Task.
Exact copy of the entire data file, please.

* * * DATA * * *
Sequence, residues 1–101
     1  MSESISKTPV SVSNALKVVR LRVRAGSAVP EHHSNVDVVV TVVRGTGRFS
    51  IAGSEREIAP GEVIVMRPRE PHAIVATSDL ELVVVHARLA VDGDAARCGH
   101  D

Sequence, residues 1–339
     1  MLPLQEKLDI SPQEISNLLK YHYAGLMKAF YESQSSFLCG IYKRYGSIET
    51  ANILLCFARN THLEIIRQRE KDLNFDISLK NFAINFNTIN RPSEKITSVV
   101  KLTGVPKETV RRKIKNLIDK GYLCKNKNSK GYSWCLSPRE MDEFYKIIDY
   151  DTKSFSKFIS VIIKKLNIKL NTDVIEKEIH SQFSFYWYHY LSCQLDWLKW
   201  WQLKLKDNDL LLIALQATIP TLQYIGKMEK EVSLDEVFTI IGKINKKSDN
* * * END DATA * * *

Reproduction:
Sequence, residues 1–101
     1  MSESISKTPV SVSNALKVVR LRVRAGSAVP EHHSNVDVVV TVVRGTGRFS
    51  IAGSEREIAP GEVIVMRPRE PHAIVATSDL ELVVVHARLA VDGDAARCGH
   101  D

Sequence, residues 1–339
     1  MLPLQEKLDI SPQEISNLLK YHYAGLMKAF YESQSSFLCG IYKRYGSIET
    51  ANILLCFARN THLEIIRQRE KDLNFDISLK NFAINFNTIN RPSEKITSVV
   101  KLTGVPKETV RRKIKNLIDK GYLCKNKNSK GYSWCLSPRE MDEFYKIIDY
   151  DTKSFSKFIS VIIKKLNIKL NTDVIEKEIH SQFSFYWYHY LSCQLDWLKW
   201  WQLKLKDNDL LLIALQATIP TLQYIGKMEK EVSLDEVFTI IGKINKKSDN